Amazed and Confused at Sundance

Troubled Buyers and True Believers

Contrary to rumors, American independent film is not dead, although if most distributors had their way, it would be. As one astonishing film after another hit the screens at the 2001 Sundance Film Festival, the gap between audience enthusiasm and distributor disgruntlement grew so wide that it became a prime topic of conversation.

Case in point: Lizzie Francke, director of the Edinburgh Film Festival, and I were enthusing about Richard Linklater's Waking Life, a digitally animated feature that had left us with the heady feeling skiers get after spending a day on Snowbird (where the air is even thinner than it is in Park City). "What did you think?" Lizzie inquired of a young woman representing a well-heeled indie distribution company. "It hurt my eyes," she replied. I presume she was referring to the undulating motion of the rotoscoped animation (the result of drawing over a live-action image). "What a pity," I mused, "that there are so few stoners still working in distribution." She looked at me as if she wasn't sure whether to be insulted or not, and then opined that it might find a cult audience and that if a small company like Cowboy picked it up, they could play it at the Screening Room for a week or two.

Given that the core audience for this tender, witty, supple movie includes everyone who's rented Linklater's Slacker, we're already talking more than cult. Add to them assorted animation freaks and all those committed to the digital cutting edge, and you've got not quite a Yellow Submarine-sized hit, perhaps, but something big enough to turn a nice profit. Taking the century-old model of film as dream, Linklater sends Wiley Wiggins (the kid from Dazed and Confused) wandering through a surreal landscape in which he encounters a series of motormouths who use him as a sounding board for the personal cosmologies they've seemingly harbored since their undergraduate years (everything from Bazin's theory of film to quantum physics). By turns earnest and whimsical, insightful and puerile, these monologues would have worn thin were they not combined with such a sophisticated cartoon image. Waking Life is a collaborative tour de force involving Linklater, animation supervisor Bob Sabiston, and some 30 artists, each of whom brings a distinctive drawing style to bear on a single character.

Wide awake: more-than-cult director Richard Linklater.
photo: Larry Hammerness
Wide awake: more-than-cult director Richard Linklater.

By the end of the festival, Linklater was reportedly considering several distribution offers—not exactly the bidding war that might have erupted in years past around a breakthrough film by a proven director operating at the top of his game. But since Waking Life doesn't fit into any of the familiar indie genres to which prefab marketing campaigns can be applied, it's going to take some ingenuity and intelligence to get it out into the world.

Just as remarkable and almost as resistant to easy classification were two debut features, Todd Field's In the Bedroom and Richard Kelly's Donnie Darko. The somber, nearly flawless In the Bedroom is a tale of class resentment, jealousy, murder, and revenge that has the inevitability and deliberate pace of a Greek tragedy. In a move that suggests Harvey Weinstein has not entirely lost his taste for great movies, Miramax bought In the Bedroom halfway through the festival. Miramax also made a play for Donnie Darko, but rumor has it that Kelly's agents balked at a deal that did not allow the fledgling auteur to have final cut.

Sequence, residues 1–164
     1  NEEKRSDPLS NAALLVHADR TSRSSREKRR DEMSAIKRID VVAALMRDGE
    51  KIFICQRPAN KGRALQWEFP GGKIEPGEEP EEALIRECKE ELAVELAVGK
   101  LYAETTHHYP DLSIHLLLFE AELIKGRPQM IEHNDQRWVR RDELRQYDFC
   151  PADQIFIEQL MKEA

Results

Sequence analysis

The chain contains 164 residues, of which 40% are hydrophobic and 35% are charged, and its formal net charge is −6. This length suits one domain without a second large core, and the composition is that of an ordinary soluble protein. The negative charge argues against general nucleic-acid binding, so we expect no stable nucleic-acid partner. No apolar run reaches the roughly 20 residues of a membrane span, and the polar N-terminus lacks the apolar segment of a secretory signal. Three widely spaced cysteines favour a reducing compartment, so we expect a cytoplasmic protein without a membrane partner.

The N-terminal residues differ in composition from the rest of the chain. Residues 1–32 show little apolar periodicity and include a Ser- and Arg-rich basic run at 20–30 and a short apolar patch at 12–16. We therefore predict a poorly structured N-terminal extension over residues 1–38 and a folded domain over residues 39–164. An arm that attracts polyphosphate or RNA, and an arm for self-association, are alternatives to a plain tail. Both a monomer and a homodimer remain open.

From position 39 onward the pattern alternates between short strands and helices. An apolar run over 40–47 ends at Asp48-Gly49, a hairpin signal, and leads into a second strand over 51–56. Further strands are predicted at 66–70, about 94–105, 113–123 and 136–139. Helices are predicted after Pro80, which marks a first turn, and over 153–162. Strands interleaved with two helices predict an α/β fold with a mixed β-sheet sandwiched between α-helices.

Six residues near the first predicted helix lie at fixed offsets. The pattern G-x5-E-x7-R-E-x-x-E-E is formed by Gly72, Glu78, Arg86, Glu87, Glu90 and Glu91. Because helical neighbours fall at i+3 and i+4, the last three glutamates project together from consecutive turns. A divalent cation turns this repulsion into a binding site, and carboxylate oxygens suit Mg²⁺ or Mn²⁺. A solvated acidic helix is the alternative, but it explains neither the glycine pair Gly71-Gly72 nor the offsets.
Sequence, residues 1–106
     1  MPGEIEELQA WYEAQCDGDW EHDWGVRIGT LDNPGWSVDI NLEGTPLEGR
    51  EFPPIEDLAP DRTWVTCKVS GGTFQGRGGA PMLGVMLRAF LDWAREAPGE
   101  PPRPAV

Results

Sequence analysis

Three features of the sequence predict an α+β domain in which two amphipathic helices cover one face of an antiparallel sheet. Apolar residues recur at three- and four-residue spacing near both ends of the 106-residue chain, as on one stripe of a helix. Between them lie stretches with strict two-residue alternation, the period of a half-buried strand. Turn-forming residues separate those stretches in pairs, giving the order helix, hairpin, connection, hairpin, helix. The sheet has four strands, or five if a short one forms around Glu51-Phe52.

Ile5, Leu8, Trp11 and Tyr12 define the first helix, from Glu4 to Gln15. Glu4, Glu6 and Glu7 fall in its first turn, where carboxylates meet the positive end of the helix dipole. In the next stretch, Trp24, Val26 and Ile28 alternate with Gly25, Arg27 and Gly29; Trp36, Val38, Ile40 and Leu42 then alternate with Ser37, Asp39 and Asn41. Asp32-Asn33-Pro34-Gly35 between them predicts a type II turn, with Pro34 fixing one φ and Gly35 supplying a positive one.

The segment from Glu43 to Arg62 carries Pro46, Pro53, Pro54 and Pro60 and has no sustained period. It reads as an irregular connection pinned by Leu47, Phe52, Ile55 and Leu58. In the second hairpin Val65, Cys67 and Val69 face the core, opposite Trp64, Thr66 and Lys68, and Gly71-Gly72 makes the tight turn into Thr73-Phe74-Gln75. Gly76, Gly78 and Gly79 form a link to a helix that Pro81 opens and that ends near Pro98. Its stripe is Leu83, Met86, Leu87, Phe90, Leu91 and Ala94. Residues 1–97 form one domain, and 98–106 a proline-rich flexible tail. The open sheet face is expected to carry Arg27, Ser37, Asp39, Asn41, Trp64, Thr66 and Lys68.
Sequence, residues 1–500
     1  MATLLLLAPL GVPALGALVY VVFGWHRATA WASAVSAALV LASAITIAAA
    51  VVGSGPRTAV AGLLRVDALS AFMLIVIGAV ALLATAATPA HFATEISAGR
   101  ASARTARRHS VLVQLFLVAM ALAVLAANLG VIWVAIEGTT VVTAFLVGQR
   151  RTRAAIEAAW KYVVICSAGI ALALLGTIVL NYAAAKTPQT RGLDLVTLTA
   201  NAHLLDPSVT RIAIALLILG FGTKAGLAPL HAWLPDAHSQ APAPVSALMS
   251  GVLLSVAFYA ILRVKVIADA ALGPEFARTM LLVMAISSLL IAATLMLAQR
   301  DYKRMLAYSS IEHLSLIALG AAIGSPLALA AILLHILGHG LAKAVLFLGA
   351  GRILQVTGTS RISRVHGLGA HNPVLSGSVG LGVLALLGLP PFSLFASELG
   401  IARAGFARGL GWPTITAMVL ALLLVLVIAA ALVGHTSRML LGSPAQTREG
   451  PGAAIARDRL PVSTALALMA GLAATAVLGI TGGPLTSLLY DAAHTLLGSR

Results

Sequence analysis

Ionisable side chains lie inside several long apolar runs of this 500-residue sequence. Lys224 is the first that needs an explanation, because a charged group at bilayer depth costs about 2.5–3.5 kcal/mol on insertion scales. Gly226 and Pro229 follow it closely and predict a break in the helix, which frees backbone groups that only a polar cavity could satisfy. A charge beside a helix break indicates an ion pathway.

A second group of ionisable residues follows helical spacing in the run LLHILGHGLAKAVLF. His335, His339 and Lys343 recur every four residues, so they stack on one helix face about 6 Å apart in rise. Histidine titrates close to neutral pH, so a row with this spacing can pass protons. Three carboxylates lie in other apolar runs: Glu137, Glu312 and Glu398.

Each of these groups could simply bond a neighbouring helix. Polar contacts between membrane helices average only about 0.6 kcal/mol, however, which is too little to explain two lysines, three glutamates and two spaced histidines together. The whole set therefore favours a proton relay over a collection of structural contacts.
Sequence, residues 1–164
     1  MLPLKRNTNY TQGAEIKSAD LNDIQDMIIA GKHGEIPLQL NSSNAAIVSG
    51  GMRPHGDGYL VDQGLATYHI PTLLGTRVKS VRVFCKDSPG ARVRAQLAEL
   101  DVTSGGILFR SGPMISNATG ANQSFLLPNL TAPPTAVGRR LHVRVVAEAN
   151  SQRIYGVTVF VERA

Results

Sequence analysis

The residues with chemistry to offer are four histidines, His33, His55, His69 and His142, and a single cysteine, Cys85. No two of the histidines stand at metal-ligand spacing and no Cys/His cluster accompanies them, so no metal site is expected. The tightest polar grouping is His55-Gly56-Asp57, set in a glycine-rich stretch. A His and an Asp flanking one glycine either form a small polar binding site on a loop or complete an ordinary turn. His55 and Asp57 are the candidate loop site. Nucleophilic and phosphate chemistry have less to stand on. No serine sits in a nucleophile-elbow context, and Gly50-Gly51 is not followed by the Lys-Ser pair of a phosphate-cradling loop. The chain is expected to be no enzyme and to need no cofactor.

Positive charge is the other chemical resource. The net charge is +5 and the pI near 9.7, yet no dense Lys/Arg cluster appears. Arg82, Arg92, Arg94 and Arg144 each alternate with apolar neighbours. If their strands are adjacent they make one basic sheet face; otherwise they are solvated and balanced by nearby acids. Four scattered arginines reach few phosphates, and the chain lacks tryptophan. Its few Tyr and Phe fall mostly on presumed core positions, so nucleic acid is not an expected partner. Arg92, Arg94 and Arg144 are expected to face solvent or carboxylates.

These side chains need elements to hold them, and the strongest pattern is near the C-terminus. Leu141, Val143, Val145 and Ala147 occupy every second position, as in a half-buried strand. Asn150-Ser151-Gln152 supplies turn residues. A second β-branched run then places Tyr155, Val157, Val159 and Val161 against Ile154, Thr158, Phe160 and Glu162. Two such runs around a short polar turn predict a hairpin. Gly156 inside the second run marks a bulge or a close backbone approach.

My personal Sundance favorite, Donnie Darko is set in 1988 and, like Todd Haynes's Safe, is informed by the toxic combination of Reaganite politics and New Age philosophy. The mercurial Jake Gyllenhaal stars as the borderline-schizophrenic teenage hero whose delusions revolve around a malevolent monster rabbit named Frank (shades of Blue Velvet). Opening with the line "I'm going to vote for Dukakis," Donnie Darko is a sci-fi time-warp narrative—it also could be read as a deathbed fantasy of rescue and redemption—that eerily mirrors our current Bushwhacked back-to-the-future scenario. (The 25-year-old filmmaker wrote the script in 1997, just after graduating from USC film school.) Leavening despair with manic humor, Donnie Darko draws on the sacred texts of Spielberg and Zemeckis, but is both darker and more openly fragile than any of those films. It's also a heartbreaking portrait of the kind of suicidal adolescent who internalizes the institutionalized violence that most of us take for granted.

As usual, films about troubled teens abounded. In Manic, Jordan Melamed's raw and admirably unsentimental DV feature, Don Cheadle plays a psychiatrist in charge of a group of juveniles, some of whom have been in and out of mental institutions for years. Henry Bean's The Believer, which won the grand prize for best fiction feature, stars Ryan Gosling as a neo-Nazi skinhead terrorist who is in fact a bar mitzvahed Jew. Based on a true story, the film packs some emotionally and intellectually tough material into an overly conventional, exploitative thriller plot. As an exposé of neo-Nazi activity, it's barely credible, but its brilliant depiction of Orthodox Judaism as a practice and philosophy is unprecedented in a Hollywood-style fiction film. It remains to be seen if The Believer proves as anxiety-provoking outside the heartland. (In an additional twist, Gosling, whose performance holds the film together, is in real life a devout Mormon.)

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